There have been reports recently about a new scam where a fraudster purports to be a bailiff and demands money to be paid to him.
Indeed, Langleys has been consulted recently by a client which was faced with such a potential scam.
The company (or an individual) receives a telephone call from someone purporting to be a bailiff. They explain that they are in possession of a court warrant to attend the business premises, or home, of the victim in order to collect payment of the debt or to seize assets. Often, they will also:-
Explain that the warrant was issued by the court (often the Northampton County Court).
Give the name of the company which they claim the money is owed to;
Give the amount of the debt (often several thousand pounds);
Tell you that they are approximately 20 minutes away from your premises; and
- Explain that they require payment over the telephone in order to avoid the bailiff attending. Alternatively, they may give a telephone number which they claim is a court telephone number and invite you to call it.
Such a call is, naturally, going to cause both confusion and concern to the victim. The victim is unlikely to have ever heard of the debt but will be concerned to avoid bailiffs attending their premises.
The purported bailiff then invites the victim to make payment over the telephone, or they may provide a bogus telephone number and suggest that you telephone the court’s “Bailiffs and Warrants Team” to make payment. Often, they will say that the payment will be held in a client account, or an escrow account, in order to allow the victim to check the validity of the debt.
Once the payment is made, the scammer and the money disappear, never to be seen again.
What do Genuine Bailiffs Usually Do?
Each bailiff may have a slightly different way of operating. However, their usual procedure is to send a formal written notice warning you that they will attend your premises at some point in the near future to enforce a court order. They would then attend without any further warning. When they turn up, they will have all of the correct documentation including a copy of the court order along with the court claim number. They will also carry proper I.D which you can use to verify that the bailiff is genuine.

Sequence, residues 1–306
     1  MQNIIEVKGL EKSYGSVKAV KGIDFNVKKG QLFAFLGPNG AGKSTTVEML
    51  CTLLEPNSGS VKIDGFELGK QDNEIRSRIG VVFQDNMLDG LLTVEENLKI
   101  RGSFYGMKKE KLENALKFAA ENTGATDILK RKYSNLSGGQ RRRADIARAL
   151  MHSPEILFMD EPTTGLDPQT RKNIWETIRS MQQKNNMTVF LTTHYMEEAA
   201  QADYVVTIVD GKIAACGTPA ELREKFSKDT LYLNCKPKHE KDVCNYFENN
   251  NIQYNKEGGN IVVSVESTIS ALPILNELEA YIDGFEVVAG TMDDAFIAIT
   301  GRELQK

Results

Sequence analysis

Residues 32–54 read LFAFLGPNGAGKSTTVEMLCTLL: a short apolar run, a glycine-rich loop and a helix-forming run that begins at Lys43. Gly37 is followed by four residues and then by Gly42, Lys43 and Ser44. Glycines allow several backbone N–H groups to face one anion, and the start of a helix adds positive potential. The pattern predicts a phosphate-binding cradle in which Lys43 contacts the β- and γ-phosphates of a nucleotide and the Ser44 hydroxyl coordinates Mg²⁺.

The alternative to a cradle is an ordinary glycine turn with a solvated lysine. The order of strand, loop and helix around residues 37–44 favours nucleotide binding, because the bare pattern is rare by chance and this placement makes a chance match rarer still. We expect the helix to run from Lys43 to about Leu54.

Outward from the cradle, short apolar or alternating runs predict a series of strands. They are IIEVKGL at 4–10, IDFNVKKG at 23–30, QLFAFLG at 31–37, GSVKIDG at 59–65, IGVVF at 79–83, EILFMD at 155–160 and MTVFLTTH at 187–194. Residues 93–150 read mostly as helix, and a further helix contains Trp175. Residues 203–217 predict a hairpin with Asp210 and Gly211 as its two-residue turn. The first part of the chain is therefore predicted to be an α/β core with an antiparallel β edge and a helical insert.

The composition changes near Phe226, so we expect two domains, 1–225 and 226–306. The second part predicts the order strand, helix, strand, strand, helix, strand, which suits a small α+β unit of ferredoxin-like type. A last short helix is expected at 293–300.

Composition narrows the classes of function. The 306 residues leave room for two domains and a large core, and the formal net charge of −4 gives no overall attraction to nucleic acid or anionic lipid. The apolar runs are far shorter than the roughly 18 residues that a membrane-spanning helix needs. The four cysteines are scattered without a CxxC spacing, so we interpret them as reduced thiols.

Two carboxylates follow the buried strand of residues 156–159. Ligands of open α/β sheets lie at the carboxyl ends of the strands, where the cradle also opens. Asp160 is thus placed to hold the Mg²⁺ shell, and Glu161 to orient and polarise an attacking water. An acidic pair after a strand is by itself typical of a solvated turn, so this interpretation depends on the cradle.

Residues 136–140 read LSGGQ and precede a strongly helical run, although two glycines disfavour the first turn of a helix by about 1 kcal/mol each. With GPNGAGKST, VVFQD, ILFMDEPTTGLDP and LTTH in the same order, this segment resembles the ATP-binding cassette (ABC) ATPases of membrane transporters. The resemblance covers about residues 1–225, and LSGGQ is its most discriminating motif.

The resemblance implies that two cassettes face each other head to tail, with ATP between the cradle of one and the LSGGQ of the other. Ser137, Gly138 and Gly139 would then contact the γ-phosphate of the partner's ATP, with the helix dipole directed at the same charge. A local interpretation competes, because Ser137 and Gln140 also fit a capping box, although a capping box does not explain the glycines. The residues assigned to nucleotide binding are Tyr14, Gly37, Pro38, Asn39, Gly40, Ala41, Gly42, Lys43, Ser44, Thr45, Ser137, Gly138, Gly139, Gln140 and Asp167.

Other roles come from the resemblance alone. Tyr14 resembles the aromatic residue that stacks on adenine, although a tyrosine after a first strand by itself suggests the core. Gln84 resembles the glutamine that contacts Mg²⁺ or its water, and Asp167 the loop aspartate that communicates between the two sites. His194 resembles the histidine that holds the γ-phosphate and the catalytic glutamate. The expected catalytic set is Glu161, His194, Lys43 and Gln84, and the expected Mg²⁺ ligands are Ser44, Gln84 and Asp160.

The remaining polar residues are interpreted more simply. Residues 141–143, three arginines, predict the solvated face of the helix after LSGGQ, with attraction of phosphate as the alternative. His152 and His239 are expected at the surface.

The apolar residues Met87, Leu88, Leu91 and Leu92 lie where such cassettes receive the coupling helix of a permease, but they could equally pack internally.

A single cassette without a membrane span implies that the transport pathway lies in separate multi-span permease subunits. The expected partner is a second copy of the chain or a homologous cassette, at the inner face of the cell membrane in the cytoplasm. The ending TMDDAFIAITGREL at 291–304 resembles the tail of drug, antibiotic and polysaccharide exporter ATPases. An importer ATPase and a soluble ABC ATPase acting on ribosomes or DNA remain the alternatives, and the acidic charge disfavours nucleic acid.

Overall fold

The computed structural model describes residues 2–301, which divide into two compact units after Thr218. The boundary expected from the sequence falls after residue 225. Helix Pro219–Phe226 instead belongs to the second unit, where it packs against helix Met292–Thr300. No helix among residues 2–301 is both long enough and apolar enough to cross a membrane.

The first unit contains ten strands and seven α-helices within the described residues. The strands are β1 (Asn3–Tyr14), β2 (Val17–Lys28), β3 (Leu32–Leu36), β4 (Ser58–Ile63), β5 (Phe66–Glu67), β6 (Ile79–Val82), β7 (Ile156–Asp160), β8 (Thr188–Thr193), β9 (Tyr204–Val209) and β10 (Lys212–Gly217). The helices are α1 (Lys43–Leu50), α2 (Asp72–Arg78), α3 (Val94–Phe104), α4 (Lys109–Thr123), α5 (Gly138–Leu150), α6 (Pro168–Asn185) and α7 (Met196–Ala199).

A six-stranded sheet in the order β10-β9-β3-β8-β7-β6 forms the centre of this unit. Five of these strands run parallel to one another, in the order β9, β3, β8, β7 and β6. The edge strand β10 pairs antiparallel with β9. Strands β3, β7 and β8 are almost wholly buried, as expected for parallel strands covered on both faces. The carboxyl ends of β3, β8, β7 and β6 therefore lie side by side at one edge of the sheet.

Tell-Tale Signs of a Scam
It is impossible to give any guarantees that the “bailiff” is genuine or bogus. However, you should be very suspicious if:-
- The bailiff telephones you shortly before attending. The element of surprise is key for bailiffs; why would they give you the opportunity to lock the doors and remove your possessions from the site?
- They give you a telephone number for the court’s “bailiffs office.” This number will often be bogus and the person you speak to will be part of the scam.
- They give you bank account details to make a payment over the telephone, and assure you that they will give you a receipt once the payment has been made.
- They give you a court warrant number, but refuse to give you a court claim number. The warrant number is rarely used by court officials. By refusing to give a court claim number, you cannot verify the matter with the court direct as the court are unable to assist without the claim number.
- You telephone the person who made the alleged court claim against you, and they explain that they have no knowledge of making a claim.
- Your carry out a credit check against your business (or yourself) and find that there are no outstanding judgments registered against you.
If you are in any doubt as to whether the bailiff is genuine, do not pay a penny to them until you have satisfactory proof that they are genuine. The best way to do so is to see a court order showing the debt, obtain the court’s telephone number using an online search and then call the court to check. Any genuine bailiff will be happy for you to check the validity of the debt, as doing so helps them to do their job.
We are able to assist if you find yourself in the position of receiving a call from a bailiff, whether genuine or bogus. Please contact Adrian Lyon in dispute resolution at Langleys.